Erik Nitsche, ‘General Dynamics/Atoms for Peace. ’, 1955, Rennert’s Gallery

On December 8, 1953, President Eisenhower announced, to the world, the threats and promises of the nuclear age. "My country's purpose," he said, "is to help us move out of the dark chamber of horrors into the light, to find a way by which the minds of men, the hopes of men, the souls of men everywhere, can move forward towards peace and happiness and well-being." This was the "Atoms for Peace" speech, and an approach taken up by General Dynamics CEO John Jay Hopkins in 1955. General Dynamics built the first atom-powered submarines and many other products of the nuclear age. The company was understandably anxious to upgrade its image and emphasize peaceful applications of its capabilities, which is why it needed to make its existence known at the first Atomic Energy Conference in Geneva in 1955. With much of its work secret, an exhibit of actual hardware was out of the question; fortunately, General Dynamics found Erik Nitsche to express its achievements and goals in graphic terms. This poster is the first, and the most instantly recognizable, of the initial 6 Atoms for Peace posters that have since become world-famous. Born in Lausanne, Nitsche studied in his native city and in Munich. In 1934 he moved to the United States, where he became a designer for major national periodicals including Life, Look and Vanity Fair, and worked on film and theatrical posters. He remained a top master of graphic arts, versatile and adaptable, belonging to no particular school but always ready to find ingenious solutions to design problems. See the full collection of Atoms for Peace posters:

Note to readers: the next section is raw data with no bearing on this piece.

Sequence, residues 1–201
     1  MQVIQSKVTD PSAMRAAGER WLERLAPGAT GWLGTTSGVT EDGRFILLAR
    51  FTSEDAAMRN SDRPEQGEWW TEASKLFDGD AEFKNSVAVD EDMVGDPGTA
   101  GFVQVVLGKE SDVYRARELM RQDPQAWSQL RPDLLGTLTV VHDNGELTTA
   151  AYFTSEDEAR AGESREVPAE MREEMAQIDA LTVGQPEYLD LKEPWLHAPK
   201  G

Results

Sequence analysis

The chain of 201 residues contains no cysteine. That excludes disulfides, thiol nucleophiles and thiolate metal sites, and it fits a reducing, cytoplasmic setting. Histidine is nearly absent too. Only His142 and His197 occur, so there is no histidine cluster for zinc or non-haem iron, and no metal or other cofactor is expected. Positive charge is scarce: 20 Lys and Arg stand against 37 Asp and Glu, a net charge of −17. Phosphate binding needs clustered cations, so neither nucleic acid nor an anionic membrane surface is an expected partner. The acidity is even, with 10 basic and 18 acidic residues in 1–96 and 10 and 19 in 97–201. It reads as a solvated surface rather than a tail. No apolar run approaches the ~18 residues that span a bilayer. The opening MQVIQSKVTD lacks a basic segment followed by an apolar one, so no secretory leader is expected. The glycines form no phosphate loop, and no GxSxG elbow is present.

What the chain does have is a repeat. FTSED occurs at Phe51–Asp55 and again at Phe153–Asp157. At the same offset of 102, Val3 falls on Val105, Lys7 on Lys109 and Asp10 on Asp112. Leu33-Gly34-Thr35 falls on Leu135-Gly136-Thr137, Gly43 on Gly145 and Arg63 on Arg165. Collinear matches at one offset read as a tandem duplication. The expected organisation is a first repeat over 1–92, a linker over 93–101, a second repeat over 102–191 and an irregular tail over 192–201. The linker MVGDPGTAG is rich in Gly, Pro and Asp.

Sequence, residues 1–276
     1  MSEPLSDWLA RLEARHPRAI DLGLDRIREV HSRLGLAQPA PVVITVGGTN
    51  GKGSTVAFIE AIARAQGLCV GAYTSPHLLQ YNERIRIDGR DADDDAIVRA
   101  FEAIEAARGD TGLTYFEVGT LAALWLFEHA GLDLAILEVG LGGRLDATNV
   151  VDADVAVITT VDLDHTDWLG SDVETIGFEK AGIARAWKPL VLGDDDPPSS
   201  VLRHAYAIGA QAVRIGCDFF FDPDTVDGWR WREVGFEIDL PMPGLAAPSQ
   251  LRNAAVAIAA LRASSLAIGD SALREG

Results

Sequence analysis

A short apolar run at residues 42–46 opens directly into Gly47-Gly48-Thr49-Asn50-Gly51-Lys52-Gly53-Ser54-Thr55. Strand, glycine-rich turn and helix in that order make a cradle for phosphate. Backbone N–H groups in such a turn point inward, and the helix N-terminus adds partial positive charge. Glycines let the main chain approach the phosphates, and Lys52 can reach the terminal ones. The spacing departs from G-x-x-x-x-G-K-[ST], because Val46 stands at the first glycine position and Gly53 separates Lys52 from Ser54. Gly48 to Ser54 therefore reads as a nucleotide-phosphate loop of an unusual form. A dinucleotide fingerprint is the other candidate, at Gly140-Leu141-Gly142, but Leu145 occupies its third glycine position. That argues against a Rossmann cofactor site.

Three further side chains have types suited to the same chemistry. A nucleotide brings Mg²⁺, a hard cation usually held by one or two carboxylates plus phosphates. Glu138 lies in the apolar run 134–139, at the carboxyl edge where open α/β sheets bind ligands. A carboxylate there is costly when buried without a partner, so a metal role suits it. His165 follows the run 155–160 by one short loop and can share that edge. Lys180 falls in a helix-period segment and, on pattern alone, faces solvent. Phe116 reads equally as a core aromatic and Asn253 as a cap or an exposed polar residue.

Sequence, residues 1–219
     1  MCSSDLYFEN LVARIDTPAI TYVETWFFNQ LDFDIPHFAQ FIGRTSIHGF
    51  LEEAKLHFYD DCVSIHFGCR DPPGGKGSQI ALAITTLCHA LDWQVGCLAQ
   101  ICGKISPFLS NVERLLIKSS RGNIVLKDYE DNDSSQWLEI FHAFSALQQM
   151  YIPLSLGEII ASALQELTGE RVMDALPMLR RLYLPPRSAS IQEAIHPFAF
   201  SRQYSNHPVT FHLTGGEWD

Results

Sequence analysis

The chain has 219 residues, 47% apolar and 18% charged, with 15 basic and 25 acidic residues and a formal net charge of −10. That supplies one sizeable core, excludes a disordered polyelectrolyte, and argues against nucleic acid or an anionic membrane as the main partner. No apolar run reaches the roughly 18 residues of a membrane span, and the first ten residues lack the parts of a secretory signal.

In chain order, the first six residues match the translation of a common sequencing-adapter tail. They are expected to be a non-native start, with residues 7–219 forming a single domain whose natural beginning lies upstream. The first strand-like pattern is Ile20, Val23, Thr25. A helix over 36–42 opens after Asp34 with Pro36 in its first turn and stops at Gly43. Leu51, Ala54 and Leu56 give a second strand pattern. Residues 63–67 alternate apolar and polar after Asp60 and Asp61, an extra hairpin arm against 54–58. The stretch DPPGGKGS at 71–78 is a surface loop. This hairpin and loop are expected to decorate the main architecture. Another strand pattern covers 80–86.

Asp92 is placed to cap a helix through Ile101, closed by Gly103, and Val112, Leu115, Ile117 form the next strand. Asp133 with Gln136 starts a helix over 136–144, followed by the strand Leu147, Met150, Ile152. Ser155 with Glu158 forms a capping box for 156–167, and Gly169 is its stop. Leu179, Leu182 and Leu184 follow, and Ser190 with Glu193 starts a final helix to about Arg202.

Series: General Dynamics / Atoms for Peace

About Erik Nitsche